Many people think of yoga wrongly because it resembles certain aspects of something else about which they know. Some people think yoga is an exercise because it gives a person a good workout and makes the body strong, flexible and balanced. Some people think it is a religion because yoga talks about connecting with the divinity within one’s self.
While the physical and spiritual development aspects of yoga are true, yoga is neither an exercise nor a religion.
Yoga is a healing, joyful science and philosophy that leads a person to a holistic lifestyle of joy and peace.
Exercise deals mainly with the development of a person’s physiology so that one can increase the heart rate for a period of time, or develop stronger muscles, or run farther, or do incredible physical feats. All those are often consequences of doing yoga on a daily basis but those are not yoga’s main purpose.
Nor is yoga a religion. Yoga does lead to spiritual union with God, but as Swami Rama says, “Religions generally tell us what to do, but do not tell us how to do it. Religions tell us what not to do, but do not tell us how to avoid doing what we do not want to do.” Yoga is a spiritual and scientific philosophy and practice that is truly a lifestyle. Yoga is not a religion because it tells us how to reach the Source of our life, how to reach God. In that way, religions are not very helpful in explaining the specific actions that one should take in order to attain union with God, says Swami Rama.
The spiritual practices connected with religions, like the Catholic rosary, Lenten fasting, novenas, the different devotions, or Centering Prayer, are much more helpful than just believing in Christ because they give members of that religion some “salvation tools.” As Swami Rama says: “…yogic principles are an integral part of most religions.” However, most religions often don’t explain how those tools work and therefore can become superstitious practices, much like when a baseball player who thinks wearing a beard or eating a certain food before a game will sustain the winning streak.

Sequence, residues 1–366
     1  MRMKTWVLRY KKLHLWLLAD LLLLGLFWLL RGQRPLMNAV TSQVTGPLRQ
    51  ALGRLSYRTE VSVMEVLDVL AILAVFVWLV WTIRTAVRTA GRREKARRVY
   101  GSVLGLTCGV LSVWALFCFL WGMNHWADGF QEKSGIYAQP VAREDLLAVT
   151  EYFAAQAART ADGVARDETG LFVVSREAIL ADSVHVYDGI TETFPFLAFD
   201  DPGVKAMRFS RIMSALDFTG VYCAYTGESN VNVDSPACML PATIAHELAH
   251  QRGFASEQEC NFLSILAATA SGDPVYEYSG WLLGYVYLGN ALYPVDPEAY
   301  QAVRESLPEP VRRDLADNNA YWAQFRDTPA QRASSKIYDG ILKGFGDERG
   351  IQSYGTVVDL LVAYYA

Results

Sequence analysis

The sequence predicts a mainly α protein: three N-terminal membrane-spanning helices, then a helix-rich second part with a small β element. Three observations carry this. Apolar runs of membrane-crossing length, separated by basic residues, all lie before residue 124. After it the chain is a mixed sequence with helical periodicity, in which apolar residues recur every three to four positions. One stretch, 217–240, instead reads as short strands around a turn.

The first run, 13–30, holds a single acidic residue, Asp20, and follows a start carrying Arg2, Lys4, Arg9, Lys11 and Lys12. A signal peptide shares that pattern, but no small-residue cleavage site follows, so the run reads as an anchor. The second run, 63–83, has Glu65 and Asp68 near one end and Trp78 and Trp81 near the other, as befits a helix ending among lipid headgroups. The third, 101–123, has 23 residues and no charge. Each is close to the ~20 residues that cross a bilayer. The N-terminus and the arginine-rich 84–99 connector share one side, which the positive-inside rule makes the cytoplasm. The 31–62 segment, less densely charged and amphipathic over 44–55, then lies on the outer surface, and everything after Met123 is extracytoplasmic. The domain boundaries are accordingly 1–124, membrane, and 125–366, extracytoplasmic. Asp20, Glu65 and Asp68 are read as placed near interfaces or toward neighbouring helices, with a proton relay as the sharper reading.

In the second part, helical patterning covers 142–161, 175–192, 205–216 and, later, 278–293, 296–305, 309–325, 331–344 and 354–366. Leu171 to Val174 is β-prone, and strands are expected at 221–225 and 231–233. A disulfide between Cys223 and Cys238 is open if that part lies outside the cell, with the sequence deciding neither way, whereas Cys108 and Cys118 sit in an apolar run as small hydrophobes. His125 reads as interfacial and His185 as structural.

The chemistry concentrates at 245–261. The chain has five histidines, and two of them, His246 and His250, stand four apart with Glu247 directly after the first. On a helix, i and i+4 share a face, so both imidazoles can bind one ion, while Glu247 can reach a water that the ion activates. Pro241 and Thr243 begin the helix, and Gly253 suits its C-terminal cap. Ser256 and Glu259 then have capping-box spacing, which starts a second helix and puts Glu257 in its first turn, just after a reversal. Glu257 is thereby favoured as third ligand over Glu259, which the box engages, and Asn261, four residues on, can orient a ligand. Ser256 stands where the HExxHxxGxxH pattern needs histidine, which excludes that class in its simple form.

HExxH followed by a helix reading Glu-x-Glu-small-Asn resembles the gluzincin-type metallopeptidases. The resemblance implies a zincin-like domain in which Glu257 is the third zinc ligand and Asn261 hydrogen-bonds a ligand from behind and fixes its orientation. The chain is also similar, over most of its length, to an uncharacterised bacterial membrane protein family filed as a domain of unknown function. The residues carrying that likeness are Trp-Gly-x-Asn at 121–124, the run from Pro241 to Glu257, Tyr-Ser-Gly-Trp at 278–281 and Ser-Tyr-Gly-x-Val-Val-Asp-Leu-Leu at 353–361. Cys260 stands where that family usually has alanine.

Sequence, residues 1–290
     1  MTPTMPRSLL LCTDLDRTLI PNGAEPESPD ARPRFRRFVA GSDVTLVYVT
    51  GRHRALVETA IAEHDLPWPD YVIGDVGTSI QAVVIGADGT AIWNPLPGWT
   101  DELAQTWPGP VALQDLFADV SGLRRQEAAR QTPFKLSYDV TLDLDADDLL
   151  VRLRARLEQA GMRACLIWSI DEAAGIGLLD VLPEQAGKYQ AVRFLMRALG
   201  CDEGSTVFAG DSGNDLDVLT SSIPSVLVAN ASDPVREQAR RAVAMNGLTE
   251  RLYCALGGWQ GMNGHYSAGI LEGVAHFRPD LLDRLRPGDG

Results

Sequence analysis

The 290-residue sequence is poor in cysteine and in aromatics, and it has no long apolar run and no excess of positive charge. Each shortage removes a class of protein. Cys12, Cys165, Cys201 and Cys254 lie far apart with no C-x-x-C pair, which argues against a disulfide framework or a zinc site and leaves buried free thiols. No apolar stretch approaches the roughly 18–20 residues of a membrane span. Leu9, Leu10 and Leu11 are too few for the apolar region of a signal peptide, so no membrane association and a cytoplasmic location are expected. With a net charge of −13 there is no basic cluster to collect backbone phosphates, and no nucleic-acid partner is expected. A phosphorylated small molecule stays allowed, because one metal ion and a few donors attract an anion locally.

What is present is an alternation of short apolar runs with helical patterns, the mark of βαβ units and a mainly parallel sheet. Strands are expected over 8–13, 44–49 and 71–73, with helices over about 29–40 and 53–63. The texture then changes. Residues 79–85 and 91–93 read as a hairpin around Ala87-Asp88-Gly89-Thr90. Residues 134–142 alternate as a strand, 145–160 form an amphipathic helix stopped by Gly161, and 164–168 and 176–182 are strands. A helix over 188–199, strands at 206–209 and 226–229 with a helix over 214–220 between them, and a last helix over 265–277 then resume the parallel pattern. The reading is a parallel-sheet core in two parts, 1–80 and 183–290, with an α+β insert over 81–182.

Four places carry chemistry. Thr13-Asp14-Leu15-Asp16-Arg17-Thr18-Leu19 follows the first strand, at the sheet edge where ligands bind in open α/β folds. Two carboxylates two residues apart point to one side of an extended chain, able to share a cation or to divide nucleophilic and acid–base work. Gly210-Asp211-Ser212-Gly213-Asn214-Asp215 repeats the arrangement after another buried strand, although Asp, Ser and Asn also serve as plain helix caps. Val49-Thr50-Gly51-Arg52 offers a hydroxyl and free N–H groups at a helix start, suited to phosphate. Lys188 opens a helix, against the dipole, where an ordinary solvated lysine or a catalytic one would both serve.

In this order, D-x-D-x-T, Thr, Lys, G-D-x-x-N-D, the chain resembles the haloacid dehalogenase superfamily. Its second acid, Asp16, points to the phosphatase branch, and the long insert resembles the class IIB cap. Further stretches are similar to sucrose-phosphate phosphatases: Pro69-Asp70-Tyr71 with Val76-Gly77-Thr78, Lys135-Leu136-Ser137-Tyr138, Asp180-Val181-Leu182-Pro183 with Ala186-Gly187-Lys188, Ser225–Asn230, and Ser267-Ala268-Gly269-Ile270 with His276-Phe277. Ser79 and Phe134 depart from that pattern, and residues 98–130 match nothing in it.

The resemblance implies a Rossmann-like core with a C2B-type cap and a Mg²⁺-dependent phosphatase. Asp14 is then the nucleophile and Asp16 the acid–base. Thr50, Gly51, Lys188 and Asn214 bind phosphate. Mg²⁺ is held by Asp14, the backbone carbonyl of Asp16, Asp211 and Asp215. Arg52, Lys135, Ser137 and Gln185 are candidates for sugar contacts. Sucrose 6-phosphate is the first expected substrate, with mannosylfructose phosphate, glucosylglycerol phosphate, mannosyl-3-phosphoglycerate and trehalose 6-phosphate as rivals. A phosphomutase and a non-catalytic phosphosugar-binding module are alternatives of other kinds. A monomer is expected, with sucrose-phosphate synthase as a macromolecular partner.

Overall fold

Most religions also teach us what not to do, but, if for some reason you are not able to do it, according to yoga, it is not a sin. You simply need to try again. That is how humans learn—trial and error. Yoga has lots of tools to help us live a happy and healthy life. The most successful people, like yogis, are those who do not feel guilty about making a mistake, but change the way they are doing things so that a mistake does not occur again.
This yogic lifestyle of asana practice, meditation and praying certain prayers not only provides the tools needed to become one with God but also explains why those tools are effective. “Yoga teaches not only what to do, but also how to do it,” says Swami Rama.
The wonderful thing about yoga is that we don’t have to do everything that yoga suggests. However, the more we practice the restraints (yamas) and the observances (niyamas) and the postures (asanas), the more we train our life energy through breathing techniques (pranayama), the more we withdraw our attention from the external distractions of the culture (pratyahara), and the more we learn to concentrate (dharana) and meditate (dhyana) on our core being, the more we will develop a holistic lifestyle of health, joy, and union with the Source of our Life.
These yoga lifestyle choices far surpass the blessings of exercise and religion alone.
These practices also help us understand that yoga truly is a lifestyle.
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